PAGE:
Vitamin D3 is often deficient in people with autoimmune or chronic conditions. Vitamin D is a strong immune system modulator, especially with regard to its anti-inflammatory capacity. It also supports healthy gut flora, promotes gut barrier integrity, and activates adaptive immunity in the GI tract which all fortify a healthy inflammatory balance. Supplementing with high doses (10,000 IU per day) for a month to start. Be sure to monitor your 25(OH) Vitamin D serum levels aiming for a range of 50-80 ng/mL.

Essential fatty acids (EFAs) as fish oil, cod liver oil, or krill oil are important to the inflammatory response since humans don’t make them efficiently on their own. EFAs support the immune system by regulating the intensity and duration of the inflammatory response and decreasing the production of inflammation promoting compounds. Short term dosing at 3-6 g per day can help ramp up these effects, however caution should be taken when dosing above 3g daily if you take blood thinners or have a bleeding disorder.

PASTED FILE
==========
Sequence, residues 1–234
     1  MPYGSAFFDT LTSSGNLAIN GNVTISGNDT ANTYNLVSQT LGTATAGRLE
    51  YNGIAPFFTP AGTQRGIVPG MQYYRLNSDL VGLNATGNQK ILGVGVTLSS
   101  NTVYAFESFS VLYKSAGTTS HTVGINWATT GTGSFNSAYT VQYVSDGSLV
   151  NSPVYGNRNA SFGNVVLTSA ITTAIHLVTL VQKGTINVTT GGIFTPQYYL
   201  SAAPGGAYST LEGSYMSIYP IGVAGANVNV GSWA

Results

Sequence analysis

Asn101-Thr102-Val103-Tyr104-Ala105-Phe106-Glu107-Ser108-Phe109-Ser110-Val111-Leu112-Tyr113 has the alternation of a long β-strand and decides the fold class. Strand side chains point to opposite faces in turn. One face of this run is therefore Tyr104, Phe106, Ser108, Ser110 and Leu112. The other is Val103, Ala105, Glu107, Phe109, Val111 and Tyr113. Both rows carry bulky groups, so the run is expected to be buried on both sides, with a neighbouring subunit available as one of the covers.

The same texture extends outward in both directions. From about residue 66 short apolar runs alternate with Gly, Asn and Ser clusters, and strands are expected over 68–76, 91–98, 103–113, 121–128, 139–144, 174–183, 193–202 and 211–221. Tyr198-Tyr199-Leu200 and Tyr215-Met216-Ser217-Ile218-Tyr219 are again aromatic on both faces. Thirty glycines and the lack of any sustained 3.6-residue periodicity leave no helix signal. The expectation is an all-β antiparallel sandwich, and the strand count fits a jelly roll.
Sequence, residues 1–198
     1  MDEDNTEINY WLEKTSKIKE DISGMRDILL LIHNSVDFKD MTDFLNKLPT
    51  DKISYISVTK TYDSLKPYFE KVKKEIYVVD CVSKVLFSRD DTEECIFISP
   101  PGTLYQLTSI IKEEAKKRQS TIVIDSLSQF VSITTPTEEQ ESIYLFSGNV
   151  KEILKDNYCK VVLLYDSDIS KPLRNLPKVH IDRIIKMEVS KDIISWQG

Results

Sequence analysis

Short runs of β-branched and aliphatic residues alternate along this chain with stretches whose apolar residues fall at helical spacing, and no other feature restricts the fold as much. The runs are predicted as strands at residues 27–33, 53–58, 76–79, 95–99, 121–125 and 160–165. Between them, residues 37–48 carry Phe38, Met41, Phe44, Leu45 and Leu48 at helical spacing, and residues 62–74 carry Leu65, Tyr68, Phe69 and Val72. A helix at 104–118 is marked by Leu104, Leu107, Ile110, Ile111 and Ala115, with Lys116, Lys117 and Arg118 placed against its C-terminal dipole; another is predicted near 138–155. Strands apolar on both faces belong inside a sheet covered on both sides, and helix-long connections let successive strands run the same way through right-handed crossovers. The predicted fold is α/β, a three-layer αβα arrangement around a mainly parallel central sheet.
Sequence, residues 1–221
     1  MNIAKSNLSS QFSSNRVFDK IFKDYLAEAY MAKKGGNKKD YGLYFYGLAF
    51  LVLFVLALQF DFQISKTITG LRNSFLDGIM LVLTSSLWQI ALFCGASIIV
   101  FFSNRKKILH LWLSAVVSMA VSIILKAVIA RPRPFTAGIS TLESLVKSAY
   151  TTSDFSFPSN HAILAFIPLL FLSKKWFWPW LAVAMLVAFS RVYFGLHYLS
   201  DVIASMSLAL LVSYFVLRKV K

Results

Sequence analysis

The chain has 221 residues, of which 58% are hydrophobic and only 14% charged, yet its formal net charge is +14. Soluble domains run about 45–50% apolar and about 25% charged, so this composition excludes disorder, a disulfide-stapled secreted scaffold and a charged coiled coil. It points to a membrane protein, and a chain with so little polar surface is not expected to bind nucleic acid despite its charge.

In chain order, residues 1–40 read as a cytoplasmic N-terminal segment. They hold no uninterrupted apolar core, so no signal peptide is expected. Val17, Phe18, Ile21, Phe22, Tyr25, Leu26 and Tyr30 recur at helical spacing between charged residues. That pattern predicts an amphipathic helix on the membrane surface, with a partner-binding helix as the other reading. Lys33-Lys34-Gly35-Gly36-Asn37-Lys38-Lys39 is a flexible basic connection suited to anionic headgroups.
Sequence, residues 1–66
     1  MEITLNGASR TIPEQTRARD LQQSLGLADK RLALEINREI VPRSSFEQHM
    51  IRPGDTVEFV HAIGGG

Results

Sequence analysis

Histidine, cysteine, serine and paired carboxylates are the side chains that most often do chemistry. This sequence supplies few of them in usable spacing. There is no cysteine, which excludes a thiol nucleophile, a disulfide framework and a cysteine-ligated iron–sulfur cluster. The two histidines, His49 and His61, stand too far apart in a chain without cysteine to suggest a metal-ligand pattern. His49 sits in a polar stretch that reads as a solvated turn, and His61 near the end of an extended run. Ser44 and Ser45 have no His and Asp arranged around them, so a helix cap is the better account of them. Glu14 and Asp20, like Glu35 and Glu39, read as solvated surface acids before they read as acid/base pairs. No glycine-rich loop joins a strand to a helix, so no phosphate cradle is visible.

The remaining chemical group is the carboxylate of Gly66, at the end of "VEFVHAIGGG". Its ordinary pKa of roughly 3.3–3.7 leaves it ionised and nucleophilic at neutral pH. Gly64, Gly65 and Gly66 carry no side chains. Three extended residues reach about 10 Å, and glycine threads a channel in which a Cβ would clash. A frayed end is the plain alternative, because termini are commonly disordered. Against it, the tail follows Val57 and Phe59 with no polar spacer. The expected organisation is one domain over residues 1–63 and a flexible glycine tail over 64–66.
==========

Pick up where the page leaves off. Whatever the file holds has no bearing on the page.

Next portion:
Curcumin, green tea extract, and resveratrol all activate a potent anti-inflammatory pathway called Nrf2. They are far more effective at increasing antioxidant production than typical antioxidants, like Vitamin C or E, in their supplemental form. You can use these as individual supplements or in a combination product.

There are many other good supplements and foods that also decrease chronic inflammation, but the options listed above give you a relatively simple starting place. If you visit Dr. Google, the vast amount of information on treating chronic conditions and inflammation can be overwhelming, so spare yourself the confusion and stress.

Completing four weeks of an elimination/anti-inflammatory diet plus some support supplementation will give you a good idea of how advanced your situation is. If you are making good progress, keep doing what you’re doing, but drop the supplements down to maintenance doses. If you don’t feel better or only marginal improvement, then enlisting some help to dig into the causes may be necessary.